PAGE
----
I think I first really felt impending mortality sometime in the 1990s when I was standing in line at a coffeeshop in Lubbock, Texas, and noticed that the girl in front of me was wearing a T-shirt advertising a Texas Tech sorority party, the theme of which was “1980s prom.” I had been to a 1980s prom, it didn’t seem like it was all that long ago at that time, and it was something of a shock to have something so familiar repackaged as an ironic retro theme. Time was slipping away.
So I definitely felt compelled to check my IRA when I saw the everything-old-is-new-again “Eddie Bauer X Sub Pop” flannel shirt collection. If you had told me in 1989 that Sub Pop would someday be a corporate-synergy branding opportunity for Eddie Bauer (or that Kurt Cobain would be famous), I’d have thought you were high. But here we are.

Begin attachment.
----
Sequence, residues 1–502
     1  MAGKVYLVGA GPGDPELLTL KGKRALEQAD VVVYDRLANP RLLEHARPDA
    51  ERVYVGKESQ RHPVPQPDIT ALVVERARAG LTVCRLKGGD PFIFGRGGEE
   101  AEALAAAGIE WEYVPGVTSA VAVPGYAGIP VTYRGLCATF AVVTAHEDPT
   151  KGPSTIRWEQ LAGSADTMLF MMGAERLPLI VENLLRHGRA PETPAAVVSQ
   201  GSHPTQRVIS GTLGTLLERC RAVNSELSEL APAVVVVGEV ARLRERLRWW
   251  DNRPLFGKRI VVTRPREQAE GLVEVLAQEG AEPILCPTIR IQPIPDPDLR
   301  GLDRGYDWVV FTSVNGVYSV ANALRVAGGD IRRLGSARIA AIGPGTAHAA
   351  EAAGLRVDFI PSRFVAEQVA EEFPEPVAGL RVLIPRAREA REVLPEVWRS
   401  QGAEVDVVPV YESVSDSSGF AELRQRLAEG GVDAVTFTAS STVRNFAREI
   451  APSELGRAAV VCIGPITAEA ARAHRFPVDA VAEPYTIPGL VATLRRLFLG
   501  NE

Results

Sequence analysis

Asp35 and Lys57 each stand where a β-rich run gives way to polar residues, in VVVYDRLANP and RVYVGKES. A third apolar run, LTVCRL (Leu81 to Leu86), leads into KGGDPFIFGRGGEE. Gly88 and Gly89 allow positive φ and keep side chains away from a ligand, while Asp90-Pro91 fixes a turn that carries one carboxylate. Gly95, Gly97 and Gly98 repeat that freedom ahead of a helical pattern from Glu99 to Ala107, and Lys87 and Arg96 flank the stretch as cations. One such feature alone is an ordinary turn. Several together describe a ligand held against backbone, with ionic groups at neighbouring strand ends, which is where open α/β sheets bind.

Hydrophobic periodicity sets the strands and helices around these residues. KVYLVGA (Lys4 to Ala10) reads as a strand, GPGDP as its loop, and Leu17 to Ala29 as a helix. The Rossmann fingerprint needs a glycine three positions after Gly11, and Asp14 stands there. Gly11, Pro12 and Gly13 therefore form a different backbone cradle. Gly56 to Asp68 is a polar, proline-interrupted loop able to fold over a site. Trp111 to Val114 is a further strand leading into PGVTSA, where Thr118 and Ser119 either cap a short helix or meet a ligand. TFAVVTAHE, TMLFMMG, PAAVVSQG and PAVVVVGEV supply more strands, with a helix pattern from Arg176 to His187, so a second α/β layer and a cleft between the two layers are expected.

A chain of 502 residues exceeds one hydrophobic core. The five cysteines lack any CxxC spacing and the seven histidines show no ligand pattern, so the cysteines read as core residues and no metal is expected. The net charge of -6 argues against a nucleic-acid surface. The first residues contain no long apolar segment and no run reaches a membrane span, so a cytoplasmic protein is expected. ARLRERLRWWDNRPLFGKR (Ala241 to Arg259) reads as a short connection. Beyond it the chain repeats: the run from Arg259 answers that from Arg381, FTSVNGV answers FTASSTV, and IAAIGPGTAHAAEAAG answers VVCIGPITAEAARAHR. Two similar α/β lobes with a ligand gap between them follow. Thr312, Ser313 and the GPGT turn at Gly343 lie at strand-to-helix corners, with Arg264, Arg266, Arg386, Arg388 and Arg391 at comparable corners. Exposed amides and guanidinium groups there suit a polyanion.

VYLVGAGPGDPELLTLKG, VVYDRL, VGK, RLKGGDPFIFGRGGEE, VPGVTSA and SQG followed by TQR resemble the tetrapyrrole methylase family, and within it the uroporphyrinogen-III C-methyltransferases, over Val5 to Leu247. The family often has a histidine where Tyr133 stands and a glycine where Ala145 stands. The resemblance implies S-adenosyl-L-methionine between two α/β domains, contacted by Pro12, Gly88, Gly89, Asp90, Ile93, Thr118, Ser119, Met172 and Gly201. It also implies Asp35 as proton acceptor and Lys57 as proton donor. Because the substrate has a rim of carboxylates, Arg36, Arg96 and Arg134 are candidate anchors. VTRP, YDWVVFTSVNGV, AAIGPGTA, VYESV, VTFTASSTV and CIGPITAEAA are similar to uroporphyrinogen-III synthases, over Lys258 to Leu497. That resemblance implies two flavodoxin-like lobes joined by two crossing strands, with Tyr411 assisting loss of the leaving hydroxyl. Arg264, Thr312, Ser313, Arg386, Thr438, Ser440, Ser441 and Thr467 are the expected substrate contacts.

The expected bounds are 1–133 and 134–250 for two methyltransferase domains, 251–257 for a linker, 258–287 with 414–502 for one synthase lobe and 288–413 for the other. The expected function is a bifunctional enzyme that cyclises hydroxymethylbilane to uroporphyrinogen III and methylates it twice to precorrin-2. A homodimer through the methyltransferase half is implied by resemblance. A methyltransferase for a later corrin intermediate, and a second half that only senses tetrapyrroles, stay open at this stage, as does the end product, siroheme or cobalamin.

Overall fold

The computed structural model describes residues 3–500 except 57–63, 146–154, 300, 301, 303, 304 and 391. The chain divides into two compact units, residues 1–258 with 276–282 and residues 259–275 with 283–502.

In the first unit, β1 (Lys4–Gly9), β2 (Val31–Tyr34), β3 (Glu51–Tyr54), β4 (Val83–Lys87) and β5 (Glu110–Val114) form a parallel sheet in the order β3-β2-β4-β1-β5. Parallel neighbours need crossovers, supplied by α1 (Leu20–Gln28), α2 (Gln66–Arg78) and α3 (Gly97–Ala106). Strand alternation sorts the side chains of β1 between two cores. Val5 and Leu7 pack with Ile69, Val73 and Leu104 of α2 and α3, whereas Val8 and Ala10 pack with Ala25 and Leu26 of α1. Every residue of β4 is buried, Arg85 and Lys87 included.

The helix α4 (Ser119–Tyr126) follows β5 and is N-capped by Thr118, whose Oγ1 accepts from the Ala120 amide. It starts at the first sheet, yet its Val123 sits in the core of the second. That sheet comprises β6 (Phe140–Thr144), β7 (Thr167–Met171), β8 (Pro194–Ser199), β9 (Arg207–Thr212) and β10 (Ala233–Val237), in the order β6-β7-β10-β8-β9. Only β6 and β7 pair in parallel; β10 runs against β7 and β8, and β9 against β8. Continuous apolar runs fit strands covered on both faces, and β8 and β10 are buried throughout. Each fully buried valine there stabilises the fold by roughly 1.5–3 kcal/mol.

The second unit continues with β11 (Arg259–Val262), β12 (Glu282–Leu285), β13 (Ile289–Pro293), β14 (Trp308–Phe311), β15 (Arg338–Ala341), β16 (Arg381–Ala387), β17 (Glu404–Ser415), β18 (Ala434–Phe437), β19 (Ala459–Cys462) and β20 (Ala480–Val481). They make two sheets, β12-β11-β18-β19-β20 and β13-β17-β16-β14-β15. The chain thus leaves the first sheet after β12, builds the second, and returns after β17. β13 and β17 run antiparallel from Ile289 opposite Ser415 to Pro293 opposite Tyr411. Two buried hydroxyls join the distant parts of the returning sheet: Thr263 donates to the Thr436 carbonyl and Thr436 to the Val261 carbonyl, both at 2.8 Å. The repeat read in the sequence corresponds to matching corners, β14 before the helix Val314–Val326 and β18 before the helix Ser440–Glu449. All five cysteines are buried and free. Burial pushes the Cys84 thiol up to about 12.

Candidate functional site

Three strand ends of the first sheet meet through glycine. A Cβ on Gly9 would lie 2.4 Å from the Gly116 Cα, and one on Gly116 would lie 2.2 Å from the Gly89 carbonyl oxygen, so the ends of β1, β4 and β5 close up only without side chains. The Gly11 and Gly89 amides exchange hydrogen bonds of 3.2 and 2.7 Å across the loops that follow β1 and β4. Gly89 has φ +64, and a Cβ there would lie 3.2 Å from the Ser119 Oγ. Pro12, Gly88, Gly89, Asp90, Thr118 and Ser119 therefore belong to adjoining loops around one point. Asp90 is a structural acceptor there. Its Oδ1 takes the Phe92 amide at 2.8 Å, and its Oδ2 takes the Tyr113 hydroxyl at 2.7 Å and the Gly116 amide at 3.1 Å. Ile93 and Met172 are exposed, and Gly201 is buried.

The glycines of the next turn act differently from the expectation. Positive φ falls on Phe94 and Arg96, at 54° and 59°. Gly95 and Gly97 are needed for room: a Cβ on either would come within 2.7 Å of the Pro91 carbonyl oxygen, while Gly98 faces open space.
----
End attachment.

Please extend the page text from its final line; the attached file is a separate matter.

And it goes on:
Amazing thing, capitalism: It can absorb anything.
In the early 1990s, there was a brief vogue for Jesus T-shirts, while Jesus was not very much in style. In recent years, mall stores catering to teen-agers have done brisk business selling retro T-shirts advertising 1980s metal bands such as Iron Maiden to kids who have never heard “Two Minutes to Midnight.”
Black Lives Matter gear already is a big business, and — who knows? — in 20 years we might see “Eddie Bauer X Black Lives Matter” Christmas sweaters.
A few years ago, a great lamentation arose from the nation’s young, hipster consumers when they learned that the guy who owns Urban Outfitters and Anthropologie was a big Rick Santorum backer. I’d bet good money that a fair share of those “Smash Capitalism!” T-shirts are being sold by Republicans. Business is business.
Want to buy an Ayn Rand bumper sticker? No? Then how about a Che T-shirt? Buy one, get one for half off!
Lenin wasn’t exactly right when he opined that capitalists would sell him the rope with which he’d hang them, but he wasn’t exactly wrong, either.